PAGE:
Synchronising Quad Throttle Bodies
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  1. #1
    1000+ Posts pgti6's Avatar
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    Default Synchronising Quad Throttle Bodies

    I had to dismantle my throttle bodies to do some work on the manifold and now that I'm re-assembling it I want to get the 2 bodies as close to being synchronised as possible.

    Last time they were done properly with a vacuum gauge fitted over each ram tube/trumpet with the engine idling & adjusted for evenness across each pair of bodies. The engine isn't ready to run so that method can't be used yet.

    With a lead light shone up through each branch of the manifold, you can see a small difference in light visible with the butterflies in the closed (idle) position. Difficult to see on the pic and it's only slight, but there is a difference.

    Question is, even though I'll use the vacuum gauge method again prior to the full engine tune should I bother with the light method to get them closer adjusted, or just leave it as is for the cams run-in period?

    Thanks

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  2. #2
    Fellow Frogger!
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    Buy four drill blanks, say 3mm diameter and put under each butterfly. This will let you adjust the linkages to ensure they sit flat on a none known surface.
    Adrian Wuillemin

  3. #3
    1000+ Posts pgti6's Avatar
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    Good tip! Thanks Adrian. Job done
    405 Mi16 2.2 litre race car for sale.
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    Lap times- Sandown 1 27.9
    Phillip Island 1 53.8

    Previous Frenchies-
    1988 205 Gti
    1998 306 GTi6
    1997 306 N5 sedan
    1996 306 N3 XT hatch
    1976 Renault R16TS manual in Avocado
    1976 Renault R16TS manual in Trak Yellow
    1975 Renault 5 Guernsey, Channel Islands
    1972 Renault 4 Guernsey, Channel Islands

  4. #4
    1000+ Posts Dave's Avatar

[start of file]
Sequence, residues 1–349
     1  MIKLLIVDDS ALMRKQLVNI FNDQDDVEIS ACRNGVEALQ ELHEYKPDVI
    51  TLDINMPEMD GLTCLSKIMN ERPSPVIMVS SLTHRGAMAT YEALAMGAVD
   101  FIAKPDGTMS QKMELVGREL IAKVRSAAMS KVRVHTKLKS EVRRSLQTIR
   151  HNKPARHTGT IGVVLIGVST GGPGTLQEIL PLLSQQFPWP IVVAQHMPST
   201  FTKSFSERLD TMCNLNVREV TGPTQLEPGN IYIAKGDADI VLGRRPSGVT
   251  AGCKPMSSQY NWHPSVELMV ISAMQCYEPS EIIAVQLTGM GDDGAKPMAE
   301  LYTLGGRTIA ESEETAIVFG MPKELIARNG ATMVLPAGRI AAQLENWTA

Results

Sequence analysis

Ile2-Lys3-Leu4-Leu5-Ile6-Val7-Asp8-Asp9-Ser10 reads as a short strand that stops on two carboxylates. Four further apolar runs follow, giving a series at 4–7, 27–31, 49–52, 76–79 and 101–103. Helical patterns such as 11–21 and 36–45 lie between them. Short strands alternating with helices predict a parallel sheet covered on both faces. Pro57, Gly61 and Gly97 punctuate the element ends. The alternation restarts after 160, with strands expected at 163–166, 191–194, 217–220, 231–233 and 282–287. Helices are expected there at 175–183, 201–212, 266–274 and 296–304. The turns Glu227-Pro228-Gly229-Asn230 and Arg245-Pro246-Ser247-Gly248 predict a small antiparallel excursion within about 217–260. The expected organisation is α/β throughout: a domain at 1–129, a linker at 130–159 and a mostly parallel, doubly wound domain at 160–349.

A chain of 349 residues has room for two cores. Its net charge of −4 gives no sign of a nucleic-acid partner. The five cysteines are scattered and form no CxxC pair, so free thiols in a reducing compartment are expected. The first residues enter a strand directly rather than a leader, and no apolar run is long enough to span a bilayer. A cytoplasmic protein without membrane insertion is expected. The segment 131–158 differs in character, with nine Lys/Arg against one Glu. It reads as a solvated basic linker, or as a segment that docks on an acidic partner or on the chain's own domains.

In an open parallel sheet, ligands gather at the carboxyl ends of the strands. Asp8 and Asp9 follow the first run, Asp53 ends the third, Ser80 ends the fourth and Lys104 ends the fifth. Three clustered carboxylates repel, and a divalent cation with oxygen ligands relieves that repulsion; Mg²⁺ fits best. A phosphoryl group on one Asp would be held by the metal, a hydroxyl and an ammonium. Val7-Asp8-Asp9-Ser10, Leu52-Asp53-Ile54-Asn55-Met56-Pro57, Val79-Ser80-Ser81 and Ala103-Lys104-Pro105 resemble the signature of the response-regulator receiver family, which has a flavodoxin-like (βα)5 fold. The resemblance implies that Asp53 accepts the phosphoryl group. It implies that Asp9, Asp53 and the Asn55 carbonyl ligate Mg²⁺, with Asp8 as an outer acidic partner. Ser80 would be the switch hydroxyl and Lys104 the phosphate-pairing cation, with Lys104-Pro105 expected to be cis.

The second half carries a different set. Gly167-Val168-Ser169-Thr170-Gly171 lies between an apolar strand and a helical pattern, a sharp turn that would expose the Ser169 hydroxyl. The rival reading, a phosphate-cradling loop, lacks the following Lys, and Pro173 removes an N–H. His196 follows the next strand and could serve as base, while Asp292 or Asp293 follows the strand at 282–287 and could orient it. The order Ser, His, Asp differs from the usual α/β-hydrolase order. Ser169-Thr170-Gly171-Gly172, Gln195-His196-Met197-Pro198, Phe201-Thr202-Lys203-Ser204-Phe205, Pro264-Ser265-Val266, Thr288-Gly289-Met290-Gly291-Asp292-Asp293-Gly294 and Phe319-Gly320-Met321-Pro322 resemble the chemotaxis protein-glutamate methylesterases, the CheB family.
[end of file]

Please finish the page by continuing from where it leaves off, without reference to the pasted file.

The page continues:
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    On the motorbike I use a bit of fishing line or similar like a feeler gauge.

    Dave


  5. #5
    Fellow Frogger! Roland's Avatar
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    Rig up a vacuum cleaner to suck air through the body. The you can use the vacuum gauge method with great accuracy.

  6. #6
    1000+ Posts alan moore's Avatar
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    Quote Originally Posted by Dave View Post
    On the motorbike I use a bit of fishing line or similar like a feeler gauge.

    Dave
    Similar to this I use a piece of fine fuse wire. Then when the engine is running I listen to the suck through a 500mm piece of garden hose to make sure. I am sure the various vacuum type guages work fine. My method came about from my sidedraft Weber days. Cheap and effective, at least for me.
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  7. #7
    1000+ Posts pgti6's Avatar
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    All good suggestions. Thanks guys.

    The one my tuner used was something like a trumpeters mute which fitted into/over the ram tube. He said he'd had it since his early Holden tuning days circa 179, X2, 186/S, 202. Can't remember how the vacuum gauge was fitted 'tho. (i'm usually a bag of nerves on dyno day)! I Googled 'vacuum gauges' & variations but couldn't find anything like it.

    I used Adrain's method with good success & as Dave said you can 'feel' & adjust for evenness between butterfly & body.
    405 Mi16 2.2 litre race car for sale.
    http://www.aussiefrogs.com/forum/car...-car-sale.html
    https://www.my105.com/ListingDetails...d/518/id/22164


    Lap times- Sandown 1 27.9
    Phillip Island 1 53.8

    Previous Frenchies-
    1988 205 Gti
    1998 306 GTi6
    1997 306 N5 sedan
    1996 306 N3 XT hatch
    1976 Renault R16TS manual in Avocado
    1976 Renault R16TS manual in Trak Yellow
    1975 Renault 5 Guernsey, Channel Islands
    1972 Renault 4 Guernsey, Channel Islands

  8. #8
    bob
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    G'day,

    way back when in olden times we also had vacuum gauges to check idle balance on carby setups, however, as it was done with the butterflys closed more or less other leakage factors came into the arguement to a great extent and made the system pointless.

    We found it better to ensure that the little fellas were fully open together and to hell with where they sat at idle. Best way is with a couple of ordinary drill shanks, same size of course, as mentioned above. Pick a drill size that opens the butterflys about a quarter to a third, hold the butterflys with the fingers and tighten the clamps - always assumes that each butterfly has been correctly seated in the shaft first !

    cheers,
    Bob

    BTW, reckon that there's one of those gadgets in the shed somewhere, if I can find it I'll post a picture or two.

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